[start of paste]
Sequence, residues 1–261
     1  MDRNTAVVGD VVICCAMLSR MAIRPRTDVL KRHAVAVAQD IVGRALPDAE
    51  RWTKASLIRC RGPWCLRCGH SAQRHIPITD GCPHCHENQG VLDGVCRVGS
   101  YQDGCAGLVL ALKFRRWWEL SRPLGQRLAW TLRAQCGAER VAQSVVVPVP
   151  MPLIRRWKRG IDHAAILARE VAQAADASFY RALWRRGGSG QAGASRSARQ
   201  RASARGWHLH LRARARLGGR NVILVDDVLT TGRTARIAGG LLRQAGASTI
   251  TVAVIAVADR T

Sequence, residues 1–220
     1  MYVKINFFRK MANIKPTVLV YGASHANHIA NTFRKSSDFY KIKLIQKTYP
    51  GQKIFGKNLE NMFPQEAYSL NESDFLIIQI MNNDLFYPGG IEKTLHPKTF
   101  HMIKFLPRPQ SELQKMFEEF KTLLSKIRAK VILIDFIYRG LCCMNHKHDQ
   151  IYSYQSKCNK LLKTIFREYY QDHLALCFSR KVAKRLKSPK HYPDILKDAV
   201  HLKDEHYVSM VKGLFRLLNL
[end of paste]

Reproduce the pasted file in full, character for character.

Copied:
Sequence, residues 1–261
     1  MDRNTAVVGD VVICCAMLSR MAIRPRTDVL KRHAVAVAQD IVGRALPDAE
    51  RWTKASLIRC RGPWCLRCGH SAQRHIPITD GCPHCHENQG VLDGVCRVGS
   101  YQDGCAGLVL ALKFRRWWEL SRPLGQRLAW TLRAQCGAER VAQSVVVPVP
   151  MPLIRRWKRG IDHAAILARE VAQAADASFY RALWRRGGSG QAGASRSARQ
   201  RASARGWHLH LRARARLGGR NVILVDDVLT TGRTARIAGG LLRQAGASTI
   251  TVAVIAVADR T

Sequence, residues 1–220
     1  MYVKINFFRK MANIKPTVLV YGASHANHIA NTFRKSSDFY KIKLIQKTYP
    51  GQKIFGKNLE NMFPQEAYSL NESDFLIIQI MNNDLFYPGG IEKTLHPKTF
   101  HMIKFLPRPQ SELQKMFEEF KTLLSKIRAK VILIDFIYRG LCCMNHKHDQ
   151  IYSYQSKCNK LLKTIFREYY QDHLALCFSR KVAKRLKSPK HYPDILKDAV
   201  HLKDEHYVSM VKGLFRLLNL